Lake County Rollover Crash Kills Driver, Seriously Injures Passenger

The Orlando Sentinel reports that a 54-year-old man from Altoona was driving southbound through the Ocala National Forest on State Road 19 on Saturday night, June 11, when he lost control of his Ford pickup truck at about 8:30 p.m. According to the article, the man died at the scene while his 40-year-old female passenger was taken to Orlando Regional Medical Center in serious condition. The fatal Florida car accident happened just north of CR 445. There is no word from this article why the driver suddenly veered off the road onto the west shoulder, but he reportedly then overcorrected the steering trying to get the pickup back on the road to the left. Instead, he crossed to the east shoulder where the left front of the pickup hit a tree, then another tree, causing the pickup to rollover onto its roof.

Our condolences are extended to this man’s family for his sudden, tragic passing.

The Insurance Institute for Highway Safety (IIHS) reports that rollover accidents kill more than 10,000 people a year. Like the design for the sport-utility vehicles (SUV), pickup trucks have a high center of gravity, a defective design that makes them about three times more likely to roll than any other passenger vehicle.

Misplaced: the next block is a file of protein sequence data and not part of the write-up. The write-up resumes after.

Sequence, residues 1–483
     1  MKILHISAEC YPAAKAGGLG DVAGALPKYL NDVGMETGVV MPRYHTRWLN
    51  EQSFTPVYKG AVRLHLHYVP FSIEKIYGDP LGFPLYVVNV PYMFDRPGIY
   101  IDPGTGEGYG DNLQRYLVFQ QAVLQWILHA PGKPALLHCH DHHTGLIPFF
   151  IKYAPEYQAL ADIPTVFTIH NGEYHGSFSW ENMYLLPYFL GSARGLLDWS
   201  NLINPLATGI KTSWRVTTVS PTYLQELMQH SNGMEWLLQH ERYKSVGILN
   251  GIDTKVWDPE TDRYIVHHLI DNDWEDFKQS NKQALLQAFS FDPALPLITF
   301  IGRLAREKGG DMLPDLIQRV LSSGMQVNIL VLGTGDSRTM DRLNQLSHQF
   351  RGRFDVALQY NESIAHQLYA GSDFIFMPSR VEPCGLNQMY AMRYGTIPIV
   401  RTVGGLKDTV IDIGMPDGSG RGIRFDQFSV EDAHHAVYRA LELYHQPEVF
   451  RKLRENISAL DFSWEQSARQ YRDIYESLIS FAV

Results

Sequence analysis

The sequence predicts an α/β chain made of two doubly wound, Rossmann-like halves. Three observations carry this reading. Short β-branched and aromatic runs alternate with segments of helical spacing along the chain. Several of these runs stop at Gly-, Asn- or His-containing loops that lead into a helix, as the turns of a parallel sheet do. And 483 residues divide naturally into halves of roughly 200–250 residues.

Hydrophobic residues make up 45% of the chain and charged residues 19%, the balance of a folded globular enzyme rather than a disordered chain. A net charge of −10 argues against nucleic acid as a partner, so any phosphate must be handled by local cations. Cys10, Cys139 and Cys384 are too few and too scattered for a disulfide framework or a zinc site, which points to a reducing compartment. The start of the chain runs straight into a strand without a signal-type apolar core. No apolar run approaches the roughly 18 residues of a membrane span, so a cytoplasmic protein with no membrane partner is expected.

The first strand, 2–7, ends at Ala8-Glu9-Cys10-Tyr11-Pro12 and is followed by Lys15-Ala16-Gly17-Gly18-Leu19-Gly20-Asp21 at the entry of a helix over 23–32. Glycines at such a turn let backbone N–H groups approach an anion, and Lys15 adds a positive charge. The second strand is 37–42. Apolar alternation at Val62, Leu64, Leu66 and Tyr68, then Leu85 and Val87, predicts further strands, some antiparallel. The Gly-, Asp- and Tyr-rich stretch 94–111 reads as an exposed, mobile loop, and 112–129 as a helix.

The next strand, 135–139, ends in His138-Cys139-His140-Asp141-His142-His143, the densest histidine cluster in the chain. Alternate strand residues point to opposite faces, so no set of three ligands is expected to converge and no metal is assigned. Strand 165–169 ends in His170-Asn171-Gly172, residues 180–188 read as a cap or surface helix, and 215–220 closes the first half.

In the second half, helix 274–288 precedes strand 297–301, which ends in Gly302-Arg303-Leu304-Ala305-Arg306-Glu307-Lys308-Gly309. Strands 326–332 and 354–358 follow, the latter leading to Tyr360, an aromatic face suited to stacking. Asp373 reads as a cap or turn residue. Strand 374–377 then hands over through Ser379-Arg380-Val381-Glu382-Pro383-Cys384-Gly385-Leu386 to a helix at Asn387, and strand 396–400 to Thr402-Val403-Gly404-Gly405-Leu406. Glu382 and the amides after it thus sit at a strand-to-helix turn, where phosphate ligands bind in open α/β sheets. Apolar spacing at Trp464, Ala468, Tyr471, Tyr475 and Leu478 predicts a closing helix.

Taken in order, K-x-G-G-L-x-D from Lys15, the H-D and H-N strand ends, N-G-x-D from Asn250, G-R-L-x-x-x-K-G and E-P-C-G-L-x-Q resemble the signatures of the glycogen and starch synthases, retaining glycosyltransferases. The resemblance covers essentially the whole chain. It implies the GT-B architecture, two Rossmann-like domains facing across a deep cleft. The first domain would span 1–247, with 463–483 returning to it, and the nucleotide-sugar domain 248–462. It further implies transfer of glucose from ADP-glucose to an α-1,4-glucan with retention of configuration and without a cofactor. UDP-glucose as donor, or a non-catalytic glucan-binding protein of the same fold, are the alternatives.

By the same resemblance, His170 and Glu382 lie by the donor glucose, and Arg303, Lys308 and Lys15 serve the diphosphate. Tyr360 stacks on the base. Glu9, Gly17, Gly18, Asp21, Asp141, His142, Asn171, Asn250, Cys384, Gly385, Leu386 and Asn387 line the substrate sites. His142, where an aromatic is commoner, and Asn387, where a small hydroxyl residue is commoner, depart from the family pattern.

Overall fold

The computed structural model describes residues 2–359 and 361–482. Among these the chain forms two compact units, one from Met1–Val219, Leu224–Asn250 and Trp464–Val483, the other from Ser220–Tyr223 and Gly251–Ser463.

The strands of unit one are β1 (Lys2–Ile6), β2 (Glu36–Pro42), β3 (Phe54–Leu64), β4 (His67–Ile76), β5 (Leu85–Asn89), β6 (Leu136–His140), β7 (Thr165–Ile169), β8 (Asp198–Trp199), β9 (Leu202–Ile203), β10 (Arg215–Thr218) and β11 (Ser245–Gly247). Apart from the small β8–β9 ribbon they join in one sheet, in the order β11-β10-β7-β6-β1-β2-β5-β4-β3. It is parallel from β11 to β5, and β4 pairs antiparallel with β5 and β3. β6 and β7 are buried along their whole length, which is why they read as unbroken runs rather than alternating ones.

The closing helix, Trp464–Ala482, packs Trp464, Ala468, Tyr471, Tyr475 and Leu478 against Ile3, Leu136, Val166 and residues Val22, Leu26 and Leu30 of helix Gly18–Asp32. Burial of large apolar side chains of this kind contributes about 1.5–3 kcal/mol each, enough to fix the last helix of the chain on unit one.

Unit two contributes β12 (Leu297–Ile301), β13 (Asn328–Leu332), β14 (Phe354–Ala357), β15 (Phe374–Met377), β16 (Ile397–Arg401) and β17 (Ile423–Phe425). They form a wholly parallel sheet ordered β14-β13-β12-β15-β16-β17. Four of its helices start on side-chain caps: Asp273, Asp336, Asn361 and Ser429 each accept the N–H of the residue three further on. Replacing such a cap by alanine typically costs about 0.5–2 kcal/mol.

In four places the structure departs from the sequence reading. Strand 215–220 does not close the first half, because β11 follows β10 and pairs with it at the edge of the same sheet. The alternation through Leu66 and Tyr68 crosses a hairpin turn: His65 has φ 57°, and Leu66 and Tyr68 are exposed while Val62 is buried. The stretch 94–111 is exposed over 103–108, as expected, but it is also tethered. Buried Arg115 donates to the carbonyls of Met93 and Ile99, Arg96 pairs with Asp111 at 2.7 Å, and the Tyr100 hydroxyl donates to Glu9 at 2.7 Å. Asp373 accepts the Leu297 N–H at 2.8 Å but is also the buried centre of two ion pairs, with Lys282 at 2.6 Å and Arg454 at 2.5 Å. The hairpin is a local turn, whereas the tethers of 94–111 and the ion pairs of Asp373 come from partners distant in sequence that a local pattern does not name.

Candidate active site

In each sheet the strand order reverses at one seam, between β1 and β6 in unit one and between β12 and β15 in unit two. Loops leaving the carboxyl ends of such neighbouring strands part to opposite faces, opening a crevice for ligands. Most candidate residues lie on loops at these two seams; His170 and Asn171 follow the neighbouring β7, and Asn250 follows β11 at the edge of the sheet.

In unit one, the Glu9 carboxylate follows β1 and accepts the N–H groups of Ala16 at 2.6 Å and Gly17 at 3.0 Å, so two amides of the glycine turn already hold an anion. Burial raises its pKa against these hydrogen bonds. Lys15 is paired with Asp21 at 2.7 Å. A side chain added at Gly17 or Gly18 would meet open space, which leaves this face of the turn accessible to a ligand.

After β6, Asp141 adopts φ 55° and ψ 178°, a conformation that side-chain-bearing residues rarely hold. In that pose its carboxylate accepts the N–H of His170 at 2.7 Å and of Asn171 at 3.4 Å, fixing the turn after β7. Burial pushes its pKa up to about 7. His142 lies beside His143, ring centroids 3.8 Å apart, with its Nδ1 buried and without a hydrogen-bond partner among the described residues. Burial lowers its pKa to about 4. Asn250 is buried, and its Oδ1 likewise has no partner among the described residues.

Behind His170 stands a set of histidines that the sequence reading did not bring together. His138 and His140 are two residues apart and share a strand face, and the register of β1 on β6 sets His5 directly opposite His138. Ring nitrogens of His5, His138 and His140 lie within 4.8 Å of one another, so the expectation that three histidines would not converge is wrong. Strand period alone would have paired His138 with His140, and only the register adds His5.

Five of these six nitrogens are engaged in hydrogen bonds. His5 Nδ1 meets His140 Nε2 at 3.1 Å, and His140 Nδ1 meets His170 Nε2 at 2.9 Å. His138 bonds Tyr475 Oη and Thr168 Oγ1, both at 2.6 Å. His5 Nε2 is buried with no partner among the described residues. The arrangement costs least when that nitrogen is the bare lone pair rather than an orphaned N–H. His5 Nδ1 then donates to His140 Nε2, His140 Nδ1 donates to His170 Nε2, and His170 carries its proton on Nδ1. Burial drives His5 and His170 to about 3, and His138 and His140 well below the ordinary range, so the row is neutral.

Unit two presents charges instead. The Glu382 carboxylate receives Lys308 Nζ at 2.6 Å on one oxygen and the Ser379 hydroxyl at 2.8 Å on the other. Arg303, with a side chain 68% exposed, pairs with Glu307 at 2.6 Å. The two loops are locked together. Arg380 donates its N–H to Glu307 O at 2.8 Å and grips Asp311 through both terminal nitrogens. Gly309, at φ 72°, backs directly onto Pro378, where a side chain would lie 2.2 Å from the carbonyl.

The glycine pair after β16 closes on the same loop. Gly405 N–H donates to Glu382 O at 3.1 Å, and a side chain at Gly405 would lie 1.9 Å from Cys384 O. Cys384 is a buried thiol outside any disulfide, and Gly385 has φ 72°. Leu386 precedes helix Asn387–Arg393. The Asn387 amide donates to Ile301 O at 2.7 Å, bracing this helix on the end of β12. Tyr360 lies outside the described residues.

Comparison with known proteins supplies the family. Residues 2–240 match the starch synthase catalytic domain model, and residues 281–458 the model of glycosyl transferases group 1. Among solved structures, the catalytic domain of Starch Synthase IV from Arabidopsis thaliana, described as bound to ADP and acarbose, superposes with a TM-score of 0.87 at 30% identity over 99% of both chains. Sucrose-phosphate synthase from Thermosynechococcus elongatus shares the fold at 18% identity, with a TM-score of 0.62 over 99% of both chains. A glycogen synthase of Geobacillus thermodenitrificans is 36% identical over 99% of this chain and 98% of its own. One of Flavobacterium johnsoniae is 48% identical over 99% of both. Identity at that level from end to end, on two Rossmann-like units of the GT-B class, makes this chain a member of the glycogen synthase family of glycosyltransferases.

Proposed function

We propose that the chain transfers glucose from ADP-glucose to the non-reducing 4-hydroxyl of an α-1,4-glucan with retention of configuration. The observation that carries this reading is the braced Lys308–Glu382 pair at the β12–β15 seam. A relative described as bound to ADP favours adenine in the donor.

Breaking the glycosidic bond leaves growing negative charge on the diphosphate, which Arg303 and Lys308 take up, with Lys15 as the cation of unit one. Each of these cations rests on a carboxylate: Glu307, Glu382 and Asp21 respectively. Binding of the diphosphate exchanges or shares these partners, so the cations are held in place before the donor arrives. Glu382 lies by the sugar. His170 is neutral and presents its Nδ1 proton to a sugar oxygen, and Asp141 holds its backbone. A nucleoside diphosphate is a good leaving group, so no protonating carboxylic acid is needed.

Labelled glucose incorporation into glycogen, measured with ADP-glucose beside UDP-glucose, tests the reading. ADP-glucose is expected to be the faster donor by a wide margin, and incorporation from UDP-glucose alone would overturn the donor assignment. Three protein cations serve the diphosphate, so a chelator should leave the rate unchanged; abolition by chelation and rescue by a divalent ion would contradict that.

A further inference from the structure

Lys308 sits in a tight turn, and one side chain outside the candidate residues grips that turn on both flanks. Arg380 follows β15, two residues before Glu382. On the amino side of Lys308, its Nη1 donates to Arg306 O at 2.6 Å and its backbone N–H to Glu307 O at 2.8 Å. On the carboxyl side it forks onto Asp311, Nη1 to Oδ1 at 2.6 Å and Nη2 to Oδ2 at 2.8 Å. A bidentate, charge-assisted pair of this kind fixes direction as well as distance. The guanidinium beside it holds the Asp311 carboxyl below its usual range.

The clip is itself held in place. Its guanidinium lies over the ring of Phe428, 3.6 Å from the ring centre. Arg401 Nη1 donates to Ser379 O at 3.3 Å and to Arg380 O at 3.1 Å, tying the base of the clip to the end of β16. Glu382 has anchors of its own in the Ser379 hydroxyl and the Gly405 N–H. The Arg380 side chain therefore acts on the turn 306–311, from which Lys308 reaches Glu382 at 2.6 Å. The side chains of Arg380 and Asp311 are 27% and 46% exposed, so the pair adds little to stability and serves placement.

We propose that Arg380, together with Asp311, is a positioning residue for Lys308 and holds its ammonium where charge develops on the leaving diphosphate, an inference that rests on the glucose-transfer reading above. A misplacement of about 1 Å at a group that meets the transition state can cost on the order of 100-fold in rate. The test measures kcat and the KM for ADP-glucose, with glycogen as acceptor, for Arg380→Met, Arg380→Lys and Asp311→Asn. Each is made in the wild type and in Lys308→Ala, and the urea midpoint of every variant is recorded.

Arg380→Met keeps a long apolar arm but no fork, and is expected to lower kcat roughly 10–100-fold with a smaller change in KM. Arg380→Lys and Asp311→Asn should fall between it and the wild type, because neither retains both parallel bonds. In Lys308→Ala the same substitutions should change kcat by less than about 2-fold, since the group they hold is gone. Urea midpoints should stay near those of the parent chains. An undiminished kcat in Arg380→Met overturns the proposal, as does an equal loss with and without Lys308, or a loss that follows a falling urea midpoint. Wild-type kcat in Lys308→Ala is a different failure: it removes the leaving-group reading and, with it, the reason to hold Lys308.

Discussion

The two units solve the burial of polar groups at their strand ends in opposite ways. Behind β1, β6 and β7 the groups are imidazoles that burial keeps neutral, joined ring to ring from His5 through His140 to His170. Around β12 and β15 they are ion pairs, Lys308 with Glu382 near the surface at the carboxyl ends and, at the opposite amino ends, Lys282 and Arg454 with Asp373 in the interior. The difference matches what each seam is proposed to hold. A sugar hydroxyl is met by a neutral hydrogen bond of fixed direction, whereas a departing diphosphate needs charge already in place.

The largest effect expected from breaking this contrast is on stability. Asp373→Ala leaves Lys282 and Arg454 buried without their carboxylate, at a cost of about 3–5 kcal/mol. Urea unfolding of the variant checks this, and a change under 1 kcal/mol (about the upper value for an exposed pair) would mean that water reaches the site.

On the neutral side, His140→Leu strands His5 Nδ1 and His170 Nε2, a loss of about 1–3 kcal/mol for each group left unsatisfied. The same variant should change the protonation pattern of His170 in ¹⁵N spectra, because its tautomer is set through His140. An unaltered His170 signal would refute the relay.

Another aspect of defective design is an inadequate roof strength that allows the roof to collapse during a rollover, potentially causing traumatic head injuries or the passenger to be ejected. Finally in 2009, the National Highway Traffic Safety Administration (NHTSA) required manufacturers to strengthen the roof-crush standard, but that will not begin until the 2012 model year and will be phased in fully beginning with the 2017 model year. However, even then the standard is inadequate.

Heavier vehicles weighting more than 6,000 pounds, which were previously exempt from the roof-crush standard, will have to withstand only 1.5 times their weight when applied to the roof, rather than three times the vehicles weight for lighter vehicles. The NHTSA turned down a request by safety groups to have the higher standard apply to vehicles weighing more than 6,000 pounds.

Sources:,0,6252256.story;, and